We also evaluated the results of the questionnaire: Neither of the patients in the topical anesthesia group took any analgesic nor had experienced any discomfort. However, four patients in the peribulbar group took a mild analgesic. This difference was statistically significant (χ2=4.348, p=0.037). Four patients in the peribulbar group had an ecchymosis at the injection site, seven had lid edema and mild ptosis, and five had chemosis and subconjunctival hemorrhage in the early postoperative days.
In the present study, we compared the changes in the plasma cortisol level in order to evaluate the objective response of the patient to the topical and peribulbar anesthesia during self-sealing phacoemulsification and foldable intraocular lens implantation procedures, in addition to the subjective replies of the patients. There was a significant difference for age between groups. This difference may be attributable to the decision of the patients for topical anesthesia. In our clinic practice, we observed that younger patients tend to require topical anesthesia compared to the elderly. For the topical anesthesia group we selected patients without hearing or speaking disabilities, without anxiety disorders, and with good cooperation. Thus, patients with younger ages underwent cataract surgery under topical anesthesia. However, we do not think this difference might have any effect on the results of plasma cortisol levels, since the range for normal does not differ with age considering the levels of cortisol.
In the last decade, topical anesthesia is developed from local anesthesia suitable for small incision phacoemulsification and other short lasting surgical procedures. Apart from eliminating many sight and life threatening complications, it has additional benefits like not interfering with visual function, immediate visual recovery, absence of ecchymosis and pain or conjunctival hyperemia and chemosis due to injection, unlimited ocular motility and absence of an increase in orbital volume.15 Nielsen and Allerod evaluated patients preferences for anesthesia. They concluded that although with retrobulbar anesthesia less pain and discomfort was experienced, patients were preferring topical or subtenon anesthesia because of the inconvenience and pain of the retrobulbar injection.16 However, topical anesthesia may not be suitable for every patient. Patient's tranquility and comfort during surgery increases the chances for uneventful surgery, as well as encouraging the patient for other procedures in the future, like operating on his/her other eye. Therefore, this study investigated increases in plasma cortisol levels that objectively reflect the discomfort of the patient during surgery as a physiological response to stressful conditions. The patients did not receive sedation before or during surgery, in order to assess the level of anxiety occurring in a patient under topical or peribulbar anesthesia alone. Results of the present study have shown that serum cortisol level did not increase significantly in patients undergoing surgery under topical anesthesia or peribulbar anesthesia. The differences between groups were insignificant either.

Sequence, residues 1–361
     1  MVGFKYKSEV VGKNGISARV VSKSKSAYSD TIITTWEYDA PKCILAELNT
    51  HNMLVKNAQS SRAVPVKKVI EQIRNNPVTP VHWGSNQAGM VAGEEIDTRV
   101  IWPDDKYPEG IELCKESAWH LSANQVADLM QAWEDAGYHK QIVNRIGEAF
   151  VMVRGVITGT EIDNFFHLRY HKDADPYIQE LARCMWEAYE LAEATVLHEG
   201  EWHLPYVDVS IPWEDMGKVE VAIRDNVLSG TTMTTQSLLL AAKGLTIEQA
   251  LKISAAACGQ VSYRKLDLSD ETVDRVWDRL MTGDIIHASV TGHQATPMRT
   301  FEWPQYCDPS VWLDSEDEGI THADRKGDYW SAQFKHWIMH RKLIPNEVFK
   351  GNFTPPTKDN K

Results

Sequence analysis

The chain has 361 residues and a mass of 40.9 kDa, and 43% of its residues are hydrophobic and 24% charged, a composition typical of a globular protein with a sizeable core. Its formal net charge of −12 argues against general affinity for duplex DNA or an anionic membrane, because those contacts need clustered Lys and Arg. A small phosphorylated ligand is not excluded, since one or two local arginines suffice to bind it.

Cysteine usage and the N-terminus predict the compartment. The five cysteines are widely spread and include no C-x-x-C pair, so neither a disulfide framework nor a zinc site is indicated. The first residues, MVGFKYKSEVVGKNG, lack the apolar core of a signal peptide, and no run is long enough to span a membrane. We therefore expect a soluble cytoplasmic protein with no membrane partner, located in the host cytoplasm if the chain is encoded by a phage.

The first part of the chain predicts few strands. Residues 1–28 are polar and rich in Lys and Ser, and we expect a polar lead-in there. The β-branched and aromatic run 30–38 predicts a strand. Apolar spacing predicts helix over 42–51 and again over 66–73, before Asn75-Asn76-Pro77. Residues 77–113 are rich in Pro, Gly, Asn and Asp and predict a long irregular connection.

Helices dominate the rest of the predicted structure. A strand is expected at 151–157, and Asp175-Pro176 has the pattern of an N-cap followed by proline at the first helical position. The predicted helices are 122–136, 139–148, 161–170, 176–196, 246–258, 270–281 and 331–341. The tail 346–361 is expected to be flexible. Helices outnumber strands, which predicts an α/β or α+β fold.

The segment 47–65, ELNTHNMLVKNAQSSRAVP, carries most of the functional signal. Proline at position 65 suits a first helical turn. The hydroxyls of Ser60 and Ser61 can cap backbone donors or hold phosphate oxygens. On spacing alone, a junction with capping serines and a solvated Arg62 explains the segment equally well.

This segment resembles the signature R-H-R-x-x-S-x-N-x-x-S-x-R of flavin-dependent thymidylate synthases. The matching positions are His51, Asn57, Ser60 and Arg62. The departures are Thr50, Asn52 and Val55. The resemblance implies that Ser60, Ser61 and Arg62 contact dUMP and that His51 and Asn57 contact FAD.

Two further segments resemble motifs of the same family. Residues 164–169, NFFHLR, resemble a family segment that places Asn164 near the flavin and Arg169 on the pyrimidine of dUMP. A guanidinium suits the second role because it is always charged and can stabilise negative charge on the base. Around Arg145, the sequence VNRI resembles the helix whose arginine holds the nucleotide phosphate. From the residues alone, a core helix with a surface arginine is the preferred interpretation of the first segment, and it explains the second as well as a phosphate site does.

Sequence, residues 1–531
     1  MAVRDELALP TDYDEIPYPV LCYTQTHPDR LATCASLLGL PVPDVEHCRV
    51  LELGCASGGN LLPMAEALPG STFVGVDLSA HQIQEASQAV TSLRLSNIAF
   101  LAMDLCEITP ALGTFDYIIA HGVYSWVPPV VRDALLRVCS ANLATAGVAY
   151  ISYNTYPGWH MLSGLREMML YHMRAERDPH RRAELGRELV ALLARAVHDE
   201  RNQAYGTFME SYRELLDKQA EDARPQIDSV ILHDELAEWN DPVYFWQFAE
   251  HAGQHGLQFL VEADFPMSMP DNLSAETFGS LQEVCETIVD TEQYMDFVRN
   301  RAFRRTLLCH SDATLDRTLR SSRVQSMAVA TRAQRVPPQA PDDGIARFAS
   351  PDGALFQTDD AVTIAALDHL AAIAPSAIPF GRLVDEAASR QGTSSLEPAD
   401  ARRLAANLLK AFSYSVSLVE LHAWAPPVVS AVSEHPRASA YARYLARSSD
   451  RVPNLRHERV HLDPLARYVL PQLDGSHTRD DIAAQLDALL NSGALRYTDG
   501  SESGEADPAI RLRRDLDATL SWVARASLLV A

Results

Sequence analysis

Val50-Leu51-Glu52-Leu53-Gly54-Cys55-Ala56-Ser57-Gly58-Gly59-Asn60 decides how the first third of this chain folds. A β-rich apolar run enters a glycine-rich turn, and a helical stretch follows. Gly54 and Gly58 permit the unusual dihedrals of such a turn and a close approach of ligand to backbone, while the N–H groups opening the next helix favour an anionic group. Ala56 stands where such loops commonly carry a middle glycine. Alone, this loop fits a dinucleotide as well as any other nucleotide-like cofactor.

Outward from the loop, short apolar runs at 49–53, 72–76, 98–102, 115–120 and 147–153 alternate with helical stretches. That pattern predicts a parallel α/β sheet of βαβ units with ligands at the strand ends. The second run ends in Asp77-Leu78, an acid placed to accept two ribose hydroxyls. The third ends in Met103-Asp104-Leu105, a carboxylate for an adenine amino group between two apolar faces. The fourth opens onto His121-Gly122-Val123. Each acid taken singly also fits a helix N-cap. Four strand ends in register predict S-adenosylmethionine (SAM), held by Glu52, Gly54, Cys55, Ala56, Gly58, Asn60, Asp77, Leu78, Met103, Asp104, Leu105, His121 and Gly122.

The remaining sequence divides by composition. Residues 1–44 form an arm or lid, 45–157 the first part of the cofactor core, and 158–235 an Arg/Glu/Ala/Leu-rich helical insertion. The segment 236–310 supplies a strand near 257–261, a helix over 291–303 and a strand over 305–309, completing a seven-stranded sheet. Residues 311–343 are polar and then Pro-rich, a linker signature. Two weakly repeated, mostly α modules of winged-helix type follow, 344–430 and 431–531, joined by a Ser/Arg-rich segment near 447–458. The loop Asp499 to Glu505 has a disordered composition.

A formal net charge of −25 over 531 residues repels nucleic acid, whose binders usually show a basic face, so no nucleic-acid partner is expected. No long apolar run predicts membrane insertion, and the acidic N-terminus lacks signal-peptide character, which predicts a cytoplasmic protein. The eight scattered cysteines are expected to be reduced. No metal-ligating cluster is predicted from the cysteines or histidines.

Previous studies have assessed the degree of pain experienced by the patient during surgery in a subjective way by asking the patients' themselves by using a Visual Analog Scale.17,18,19,20,21,22 Results of these studies show that most patients operated on under topical anesthesia do not feel a major amount of pain, similar to patients operated on peribulbar or retrobulbar anesthesia. However, these evaluations depend on the personal expression of the patient alone, who is capable of being affected by certain factors. Fichman has investigated changes in blood pressure, pulse rate and respiration rate of patients during surgery under topical anesthesia, and has found no major changes in these parameters.23 Similarly, blood pressure, pulse rate and electrocardiography remained stable throughout surgery in our patients. Consequently, we propose that the patients did not experience such discomfort as would be reflected on these parameters. On the other hand, the main objective of our study was to determine the changes in plasma cortisol levels, which would show the stress experienced by the patients in a more direct and accurate manner. Pontiroli et al found that argon laser photocoagulation caused cortisol release in all patients with diabetic retinopathy.14 We found no significant increases in our patients, which support the belief that topical anesthesia is right and proper for small incision cataract surgery.
Patients receiving topical anesthesia had significantly lower levels of plasma cortisol preoperatively. A possible explanation to this is that anesthetizing the eye with drops only was an option that is more attractive and that patients in the peribulbar group experienced fear at the idea of receiving an injection.
Topical anesthesia can be applied using different methods and substances.24,25,26,27 However, they all have similar effects. Some surgeons add intraocular lidocaine 1% and /or apply sedation. The results of this study showed that tetracaine 0.5% drops alone, without any sedation or intraocular lidocaine 1%, are favorable.
In conclusion, in the present study insignificant rises in plasma cortisol levels occurred during surgery in patients under topical or peribulbar anesthesia, and the differences between the groups were insignificant. These findings suggest that topical anesthesia is at least as effective as peribulbar anesthesia in achieving patient satisfaction and in providing patient comfort. Patients and surgeons convenience at most are the main goal of the cataract surgery. When additional benefits like uninterrupted visual function, absence of chemosis and ecchymosis, better cosmetic, simplicity and rapidity and avoidance of injection are considered, we believe that topical anesthesia is more advantageous than peribulbar injection in small incision phacoemulsification.
The study was funded by the Istanbul University, Faculty of Medicine.
Rana Altan-Yaycioglu, M.D. Baskent University, Faculty of Medicine, Department of Ophthalmology, Adana Teaching & Medical Research Center, Dadaloglu Mah, 39. Sok, No: 6, Yuregir, 01250, Adana, TURKEY Phone: (90) 532-373-5585 Fax: (90) 322-327-1273 E-mail: email@example.com